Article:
Besides high level athletes, people who practice running and this activity alone are more often injured than others that combine more than one sport. By having a variety of activities in your active lifestyle you may lower your chances of getting hurt.

  • Fractioned trainings

    By fractioning your trainings (e.g.: include minutes of walking during your jogging) you maximise the physiological stress (your heart) and you minimise the stress on your bones, tendons and cartilages, which in turn, helps you lower your risk of injuries.

  • Flexibility

    For certain runners, flexibility remains a good way to prevent injuries. After being evaluated by a qualified professional, it is possible to standardize your muscular retractions by having a personalized program. The runner will then have to practise static, slow and progressive stretching exercises, at night on a daily basis, by maintaining the position 30 seconds, 1 to 5 repetitions by retracted muscular group.

  • Post training recuperation

    For certain runners, a massage helps to recover from difficult trainings, while others prefer ice baths (immersion to the waist in a bath of 5°C or less, for 4 to 10 minutes). On the other hand, all runners should progressively cool down and eat well quickly after training.

  • Bare feet

    To run bare feet on safe surfaces after trainings (be progressive) and as often as possible to walk bare feet in the house are a good means to solidify the support structures (muscles of the foot) responsible for natural absorption of the shocks... and thus preventing considerable injuries.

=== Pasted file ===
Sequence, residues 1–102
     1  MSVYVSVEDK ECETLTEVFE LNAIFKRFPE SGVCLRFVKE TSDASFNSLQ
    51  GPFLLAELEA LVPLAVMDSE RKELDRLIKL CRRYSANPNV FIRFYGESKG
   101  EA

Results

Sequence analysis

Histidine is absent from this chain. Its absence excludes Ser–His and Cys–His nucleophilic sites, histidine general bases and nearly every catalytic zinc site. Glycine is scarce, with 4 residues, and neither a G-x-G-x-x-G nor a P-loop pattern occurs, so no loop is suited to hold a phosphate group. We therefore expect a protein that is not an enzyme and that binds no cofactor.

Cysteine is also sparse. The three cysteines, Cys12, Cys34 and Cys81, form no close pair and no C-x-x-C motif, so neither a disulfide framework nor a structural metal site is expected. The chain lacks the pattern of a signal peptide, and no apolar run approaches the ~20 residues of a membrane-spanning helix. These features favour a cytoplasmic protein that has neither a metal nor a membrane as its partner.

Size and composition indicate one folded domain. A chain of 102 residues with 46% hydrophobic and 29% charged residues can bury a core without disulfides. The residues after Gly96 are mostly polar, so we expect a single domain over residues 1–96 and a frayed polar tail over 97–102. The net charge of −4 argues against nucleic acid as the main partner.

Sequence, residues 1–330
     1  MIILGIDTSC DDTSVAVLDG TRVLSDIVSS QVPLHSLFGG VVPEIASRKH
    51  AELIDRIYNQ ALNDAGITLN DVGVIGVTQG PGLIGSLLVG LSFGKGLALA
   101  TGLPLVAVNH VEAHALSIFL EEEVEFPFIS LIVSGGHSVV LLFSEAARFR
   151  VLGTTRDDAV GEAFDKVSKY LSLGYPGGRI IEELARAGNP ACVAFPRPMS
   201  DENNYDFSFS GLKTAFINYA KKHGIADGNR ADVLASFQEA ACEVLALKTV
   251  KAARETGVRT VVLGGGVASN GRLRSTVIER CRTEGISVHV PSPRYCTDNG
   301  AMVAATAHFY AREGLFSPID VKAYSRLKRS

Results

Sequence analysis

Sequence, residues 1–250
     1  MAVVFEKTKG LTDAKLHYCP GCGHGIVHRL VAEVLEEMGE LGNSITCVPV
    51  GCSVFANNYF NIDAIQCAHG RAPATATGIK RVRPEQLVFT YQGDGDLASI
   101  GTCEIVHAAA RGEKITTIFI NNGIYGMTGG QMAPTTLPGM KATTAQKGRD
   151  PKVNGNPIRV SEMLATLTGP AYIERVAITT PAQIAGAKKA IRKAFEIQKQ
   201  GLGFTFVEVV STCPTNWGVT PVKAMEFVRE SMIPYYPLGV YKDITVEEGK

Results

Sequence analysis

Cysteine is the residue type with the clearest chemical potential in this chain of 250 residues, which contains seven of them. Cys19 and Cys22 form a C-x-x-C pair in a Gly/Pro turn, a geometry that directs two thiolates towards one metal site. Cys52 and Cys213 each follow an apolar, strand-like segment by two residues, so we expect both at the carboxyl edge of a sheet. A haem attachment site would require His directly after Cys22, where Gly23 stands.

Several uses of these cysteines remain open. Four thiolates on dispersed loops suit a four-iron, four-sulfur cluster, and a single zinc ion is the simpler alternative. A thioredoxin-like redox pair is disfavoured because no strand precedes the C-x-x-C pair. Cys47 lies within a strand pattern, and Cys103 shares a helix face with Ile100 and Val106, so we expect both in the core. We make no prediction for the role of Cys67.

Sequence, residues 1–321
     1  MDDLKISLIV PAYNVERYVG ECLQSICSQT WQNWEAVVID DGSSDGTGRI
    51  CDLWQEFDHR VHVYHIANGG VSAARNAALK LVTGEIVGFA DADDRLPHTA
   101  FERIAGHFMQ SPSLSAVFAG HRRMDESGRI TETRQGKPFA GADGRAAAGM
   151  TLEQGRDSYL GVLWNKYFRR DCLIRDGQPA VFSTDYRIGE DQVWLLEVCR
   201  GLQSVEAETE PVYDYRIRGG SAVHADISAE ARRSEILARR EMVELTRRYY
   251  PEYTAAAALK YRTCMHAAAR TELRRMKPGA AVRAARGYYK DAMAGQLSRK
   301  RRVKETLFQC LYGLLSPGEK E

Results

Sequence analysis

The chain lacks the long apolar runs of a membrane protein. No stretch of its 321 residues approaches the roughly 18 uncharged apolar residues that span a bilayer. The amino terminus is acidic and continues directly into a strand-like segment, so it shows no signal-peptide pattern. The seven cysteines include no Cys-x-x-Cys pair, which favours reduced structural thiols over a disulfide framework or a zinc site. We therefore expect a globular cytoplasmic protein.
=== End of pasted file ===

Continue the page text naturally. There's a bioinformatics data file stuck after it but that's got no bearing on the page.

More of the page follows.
• Flexibility

    Static flexibility before training should be done only if one’s muscular stiffness sufficiently influences his biomechanics to create an injury. It is not recommended, in a general way, to stretch before an activity.

  • Flat feet and injuries

    There is generally no link between anthropometry (flat or hollow feet, shorter leg, etc) and injuries, as long as one is adapted. Think twice before trying to correct them!

  • Times for training

    For high quality trainings, some times during the day are better (9:00 to 12:00 and 4:00 to 8:00).

  • Recuperation between two trainings

    If a runner plans on doing two trainings on the same day, it is highly recommended to leave a 5 to 6 hour recovery period between both.

  • Speed workout

    In order to prevent injuries, strength and speed workouts should be done when a runner is well rested.

  • Active recuperation

    After a training that produced lactic acid, one should privilege an active recovery (slow jog or walk) rather then a passive one (rest).

  • Recuperation

    If a runner requires more than three days to recover from his last training, it is a sign that it was too hard.

  • Immune system

    After a hard training, a runner should refrain from going to enclosed areas where he is in contact with others because his immune system will be more vulnerable for a short period. He is susceptible to infections, such as the cold virus, for 2 to 6 hours following your training.

  • Running in snowshoes, why not?

    This more and more popular sport in northern countries is an excellent way to vary your training. The increase of cardiovascular demand by the additional weight on your feet, the proprioceptive work induced by the variety of surfaces and the global muscular work are good reasons for you to try it out. Attention! Be progressive!